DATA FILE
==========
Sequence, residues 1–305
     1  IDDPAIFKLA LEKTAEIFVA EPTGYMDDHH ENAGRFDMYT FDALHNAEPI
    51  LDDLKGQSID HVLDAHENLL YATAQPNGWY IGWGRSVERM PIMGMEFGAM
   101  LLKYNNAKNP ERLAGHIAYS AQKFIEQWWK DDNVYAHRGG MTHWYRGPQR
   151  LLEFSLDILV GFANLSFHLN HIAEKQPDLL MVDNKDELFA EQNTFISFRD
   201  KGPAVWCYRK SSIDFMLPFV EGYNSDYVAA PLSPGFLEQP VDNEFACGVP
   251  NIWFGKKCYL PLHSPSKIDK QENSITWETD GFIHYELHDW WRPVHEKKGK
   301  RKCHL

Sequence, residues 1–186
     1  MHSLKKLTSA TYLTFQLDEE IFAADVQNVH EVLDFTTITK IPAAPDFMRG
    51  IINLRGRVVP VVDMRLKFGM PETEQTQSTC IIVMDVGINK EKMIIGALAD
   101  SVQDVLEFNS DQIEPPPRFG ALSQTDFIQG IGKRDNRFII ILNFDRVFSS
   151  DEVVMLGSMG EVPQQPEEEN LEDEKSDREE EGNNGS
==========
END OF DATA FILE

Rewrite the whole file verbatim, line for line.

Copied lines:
Sequence, residues 1–305
     1  IDDPAIFKLA LEKTAEIFVA EPTGYMDDHH ENAGRFDMYT FDALHNAEPI
    51  LDDLKGQSID HVLDAHENLL YATAQPNGWY IGWGRSVERM PIMGMEFGAM
   101  LLKYNNAKNP ERLAGHIAYS AQKFIEQWWK DDNVYAHRGG MTHWYRGPQR
   151  LLEFSLDILV GFANLSFHLN HIAEKQPDLL MVDNKDELFA EQNTFISFRD
   201  KGPAVWCYRK SSIDFMLPFV EGYNSDYVAA PLSPGFLEQP VDNEFACGVP
   251  NIWFGKKCYL PLHSPSKIDK QENSITWETD GFIHYELHDW WRPVHEKKGK
   301  RKCHL

Sequence, residues 1–186
     1  MHSLKKLTSA TYLTFQLDEE IFAADVQNVH EVLDFTTITK IPAAPDFMRG
    51  IINLRGRVVP VVDMRLKFGM PETEQTQSTC IIVMDVGINK EKMIIGALAD
   101  SVQDVLEFNS DQIEPPPRFG ALSQTDFIQG IGKRDNRFII ILNFDRVFSS
   151  DEVVMLGSMG EVPQQPEEEN LEDEKSDREE EGNNGS